US curlers have epic Olympic entrance behind skip Shuster
BEIJING (AP) — About the only way the U.S. men’s curling team can top its entrance at the Beijing Olympics is by winning another gold medal.
Skip John Shuster carried the American flag into the Bird’s Nest for the opening ceremony along with speedskater Brittany Bowe on Friday night. Shuster’s teammates, including two who were with him when the Americans won their first Olympic curling gold medal four years ago, walked in just behind him, arm-in-arm.
“Being able to experience that, honestly, with another athlete, and to lead all of Team USA was the biggest honor of my career to this point,” said Shuster, a five-time Olympian who also won a bronze at Turin in 2006.
Shuster was the first curler to carry the U.S. flag at the Olympics, a sign of how popular the sport has become since the Americans’ dramatic win at Pyeongchang in 2018, when they survived five straight elimination matches.
“I had the best seat in the house, baby. I was right behind him,” teammate Matt Hamilton said Saturday.
Hamilton was still buzzing about a photo his sister, Becca, a member of the women’s team, took from just behind the men’s team as it entered the stadium. It shows Hamilton, Chris Plys, John Landsteiner and alternate Colin Hufman arm-in-arm, with Shuster waving the flag and the Olympic rings in the background.
Hamilton called it “one of the most epic photos I have ever seen. I don’t know if she realized it when she took it, but that photo is incredible and I’m just super stoked to be a part of it. It kind of felt very fitting that John was up there and the four of us teammates behind, linked arm-in-arm, had his back, just like we always do. It just felt like a really perfect start to this Olympics.”
Shuster and Hamilton said that while there is pressure being the defending gold medalists, they aren’t going to let it overwhelm them.
“Honestly, for us as athletes, the fact that we got to reach the pinnacle of our sport … we’ll always be Olympic champions,” Shuster said. “That will be something we always get to carry with us. That’s kind of let the pressure off me. I’ve always cared so much about going to the Olympics and having a great performance. Getting to be on the top of that podium I think has taken the pressure off and I think we’re just really going to go out there and enjoy the opportunity to try to defend.”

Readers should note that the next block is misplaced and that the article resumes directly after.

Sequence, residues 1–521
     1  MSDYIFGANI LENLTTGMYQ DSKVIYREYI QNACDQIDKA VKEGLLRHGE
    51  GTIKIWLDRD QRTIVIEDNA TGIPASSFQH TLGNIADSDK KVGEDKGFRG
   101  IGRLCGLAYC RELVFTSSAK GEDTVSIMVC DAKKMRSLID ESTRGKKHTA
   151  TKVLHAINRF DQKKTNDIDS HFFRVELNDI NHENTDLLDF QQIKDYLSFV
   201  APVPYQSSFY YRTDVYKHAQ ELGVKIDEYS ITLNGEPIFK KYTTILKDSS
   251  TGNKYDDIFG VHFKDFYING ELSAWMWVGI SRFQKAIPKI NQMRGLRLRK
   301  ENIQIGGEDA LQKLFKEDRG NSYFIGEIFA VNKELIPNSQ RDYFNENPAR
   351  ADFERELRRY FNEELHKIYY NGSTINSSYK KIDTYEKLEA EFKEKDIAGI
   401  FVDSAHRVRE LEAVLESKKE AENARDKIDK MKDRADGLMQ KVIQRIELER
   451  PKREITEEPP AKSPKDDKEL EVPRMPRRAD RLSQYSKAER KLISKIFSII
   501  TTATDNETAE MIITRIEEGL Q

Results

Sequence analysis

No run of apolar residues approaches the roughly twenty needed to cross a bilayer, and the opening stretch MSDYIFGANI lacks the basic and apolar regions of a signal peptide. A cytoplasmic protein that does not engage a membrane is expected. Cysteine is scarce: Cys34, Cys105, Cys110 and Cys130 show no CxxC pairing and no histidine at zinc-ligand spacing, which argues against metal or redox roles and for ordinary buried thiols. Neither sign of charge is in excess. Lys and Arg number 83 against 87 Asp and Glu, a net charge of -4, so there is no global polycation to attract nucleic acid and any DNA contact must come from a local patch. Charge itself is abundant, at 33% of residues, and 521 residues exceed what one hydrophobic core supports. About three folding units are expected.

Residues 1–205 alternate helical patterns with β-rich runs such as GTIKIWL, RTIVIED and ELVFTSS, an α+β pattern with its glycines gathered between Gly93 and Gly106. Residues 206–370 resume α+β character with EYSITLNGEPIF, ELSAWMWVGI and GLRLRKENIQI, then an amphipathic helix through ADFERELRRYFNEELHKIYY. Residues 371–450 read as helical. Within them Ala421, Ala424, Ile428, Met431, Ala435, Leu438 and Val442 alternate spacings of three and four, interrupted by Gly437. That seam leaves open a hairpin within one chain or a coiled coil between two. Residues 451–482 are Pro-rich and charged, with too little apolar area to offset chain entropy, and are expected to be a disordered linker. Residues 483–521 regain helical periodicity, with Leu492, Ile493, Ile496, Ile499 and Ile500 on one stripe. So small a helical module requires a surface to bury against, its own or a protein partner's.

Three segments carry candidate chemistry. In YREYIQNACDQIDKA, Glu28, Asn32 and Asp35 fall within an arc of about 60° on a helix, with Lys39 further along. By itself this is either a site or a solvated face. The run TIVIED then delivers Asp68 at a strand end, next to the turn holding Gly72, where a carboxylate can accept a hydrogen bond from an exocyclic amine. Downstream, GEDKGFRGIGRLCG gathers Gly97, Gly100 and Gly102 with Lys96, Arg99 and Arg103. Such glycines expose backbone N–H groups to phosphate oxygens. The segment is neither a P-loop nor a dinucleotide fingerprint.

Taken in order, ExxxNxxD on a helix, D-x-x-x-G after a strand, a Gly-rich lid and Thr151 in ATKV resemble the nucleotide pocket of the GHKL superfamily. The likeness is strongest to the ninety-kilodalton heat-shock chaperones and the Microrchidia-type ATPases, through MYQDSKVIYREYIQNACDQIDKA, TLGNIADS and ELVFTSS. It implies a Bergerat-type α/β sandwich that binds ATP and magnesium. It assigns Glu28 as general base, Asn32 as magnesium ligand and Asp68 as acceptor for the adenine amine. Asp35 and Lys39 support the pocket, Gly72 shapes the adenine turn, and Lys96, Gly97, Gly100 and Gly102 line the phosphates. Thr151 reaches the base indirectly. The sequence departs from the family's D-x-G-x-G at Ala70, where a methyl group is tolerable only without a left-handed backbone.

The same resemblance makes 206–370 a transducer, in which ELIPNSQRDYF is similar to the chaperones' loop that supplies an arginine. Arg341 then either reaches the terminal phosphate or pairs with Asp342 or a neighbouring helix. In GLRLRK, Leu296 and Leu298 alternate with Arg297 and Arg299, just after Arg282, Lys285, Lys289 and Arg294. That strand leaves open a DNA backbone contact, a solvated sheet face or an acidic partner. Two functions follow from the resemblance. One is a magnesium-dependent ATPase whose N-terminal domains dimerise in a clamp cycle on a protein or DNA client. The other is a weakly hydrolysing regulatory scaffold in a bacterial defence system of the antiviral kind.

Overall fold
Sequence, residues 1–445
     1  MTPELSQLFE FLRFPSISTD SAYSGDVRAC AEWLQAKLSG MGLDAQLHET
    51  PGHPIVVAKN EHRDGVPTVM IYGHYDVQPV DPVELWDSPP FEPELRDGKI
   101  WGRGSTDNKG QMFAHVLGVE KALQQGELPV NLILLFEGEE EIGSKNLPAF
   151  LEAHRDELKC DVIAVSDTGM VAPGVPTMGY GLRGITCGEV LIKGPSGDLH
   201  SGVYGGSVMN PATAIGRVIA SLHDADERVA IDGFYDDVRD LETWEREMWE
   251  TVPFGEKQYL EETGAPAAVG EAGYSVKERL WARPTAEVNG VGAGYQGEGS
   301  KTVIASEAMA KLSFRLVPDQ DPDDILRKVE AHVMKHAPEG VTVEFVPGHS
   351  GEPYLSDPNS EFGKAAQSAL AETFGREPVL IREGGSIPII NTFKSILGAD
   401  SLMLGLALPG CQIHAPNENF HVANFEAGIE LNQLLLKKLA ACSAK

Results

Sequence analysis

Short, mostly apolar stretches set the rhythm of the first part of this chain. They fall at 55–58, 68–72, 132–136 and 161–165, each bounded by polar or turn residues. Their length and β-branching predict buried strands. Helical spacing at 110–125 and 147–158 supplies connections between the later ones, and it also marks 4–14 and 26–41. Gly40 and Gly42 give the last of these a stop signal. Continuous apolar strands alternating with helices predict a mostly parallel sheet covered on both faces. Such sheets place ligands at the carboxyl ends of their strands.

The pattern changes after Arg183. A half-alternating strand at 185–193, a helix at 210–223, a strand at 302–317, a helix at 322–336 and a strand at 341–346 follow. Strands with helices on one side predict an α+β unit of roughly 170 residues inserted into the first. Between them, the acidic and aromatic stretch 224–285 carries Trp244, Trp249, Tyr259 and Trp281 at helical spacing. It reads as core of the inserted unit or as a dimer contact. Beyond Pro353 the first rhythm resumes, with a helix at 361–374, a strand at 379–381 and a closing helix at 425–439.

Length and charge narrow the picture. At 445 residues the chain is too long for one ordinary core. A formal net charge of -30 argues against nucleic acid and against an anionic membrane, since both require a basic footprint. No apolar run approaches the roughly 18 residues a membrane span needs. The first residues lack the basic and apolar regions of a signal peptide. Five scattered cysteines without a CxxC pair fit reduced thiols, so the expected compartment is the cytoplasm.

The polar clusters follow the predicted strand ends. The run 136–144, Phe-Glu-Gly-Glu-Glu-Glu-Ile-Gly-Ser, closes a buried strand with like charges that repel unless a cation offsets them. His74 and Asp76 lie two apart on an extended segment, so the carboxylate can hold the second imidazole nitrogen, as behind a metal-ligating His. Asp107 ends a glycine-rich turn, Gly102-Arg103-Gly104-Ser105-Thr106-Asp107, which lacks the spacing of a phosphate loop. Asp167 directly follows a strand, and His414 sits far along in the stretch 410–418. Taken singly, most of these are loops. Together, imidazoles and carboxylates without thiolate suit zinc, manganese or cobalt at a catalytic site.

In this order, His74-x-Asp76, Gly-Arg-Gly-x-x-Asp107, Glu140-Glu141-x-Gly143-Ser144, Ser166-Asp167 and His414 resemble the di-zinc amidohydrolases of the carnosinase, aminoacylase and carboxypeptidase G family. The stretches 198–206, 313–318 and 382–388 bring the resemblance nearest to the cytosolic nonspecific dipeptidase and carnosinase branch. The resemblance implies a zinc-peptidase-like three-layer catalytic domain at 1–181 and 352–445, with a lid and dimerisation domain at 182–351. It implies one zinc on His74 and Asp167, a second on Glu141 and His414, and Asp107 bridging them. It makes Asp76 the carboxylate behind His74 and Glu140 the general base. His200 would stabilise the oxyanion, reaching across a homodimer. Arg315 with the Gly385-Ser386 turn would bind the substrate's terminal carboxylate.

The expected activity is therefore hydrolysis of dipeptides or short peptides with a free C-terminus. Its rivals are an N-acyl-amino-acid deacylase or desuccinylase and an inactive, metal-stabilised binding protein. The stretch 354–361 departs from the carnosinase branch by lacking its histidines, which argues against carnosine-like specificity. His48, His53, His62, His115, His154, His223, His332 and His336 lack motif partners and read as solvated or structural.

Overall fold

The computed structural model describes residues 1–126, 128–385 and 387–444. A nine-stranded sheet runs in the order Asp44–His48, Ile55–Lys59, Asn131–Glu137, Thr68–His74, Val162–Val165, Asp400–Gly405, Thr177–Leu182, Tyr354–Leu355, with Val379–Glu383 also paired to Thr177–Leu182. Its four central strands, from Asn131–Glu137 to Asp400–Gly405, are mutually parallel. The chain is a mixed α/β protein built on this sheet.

The men’s competition starts Wednesday at the Ice Cube.
“Can’t take that medal away from me now,” Hamilton said with a laugh. “Just stoked to be back and obviously the first go-around went well. That’s all I know. Hoping to do it again.”
Hamilton said he had a moment after the 2018 Games when he had to decide if he was content with one gold medal or wanted to go for another. Plus, there’s the social aspect of being in the tight-knit curling community.
“I realized I was still hungry and love competing,” he said. “Playing against all my friends is kind of a dream come true from all the other countries. They’re all awesome people. I had some of the guys from the Swedish team come to my wedding the summer before the Olympics. So just the friendships I’ve cultivated through curling is another big reason that I just wanted to continue to compete so I could go around and see all my buddies again.”
Shuster’s Olympic career has had its ups and downs. He won bronze in 2006, the first U.S. Olympic curling medal of any color, as the lead for Pete Fenson’s team. He left to form his own rink, earning a trip to the Vancouver Games but performing so badly that he benched himself.
After finishing last in 2010, Shuster won the U.S. trials again four years later but managed just a ninth-place finish in Sochi. When USA Curling put together a high-performance camp of the country’s top 10 players, Shuster didn’t make the cut.
So he put together a foursome called “Team Rejects” and not only beat the federation-backed squads in the U.S. trials but won gold in South Korea.
Now it’s back to being Team Shuster.
“We are definitely a team,” Shuster said. “Someone said if you could describe your job, I’m like, ‘I yell at my employees for a living and I’m treated as if I’m their boss, but I’m not really their boss.’”
More AP Olympics: https://apnews.com/hub/winter-olympics and https://twitter.com/AP_Sports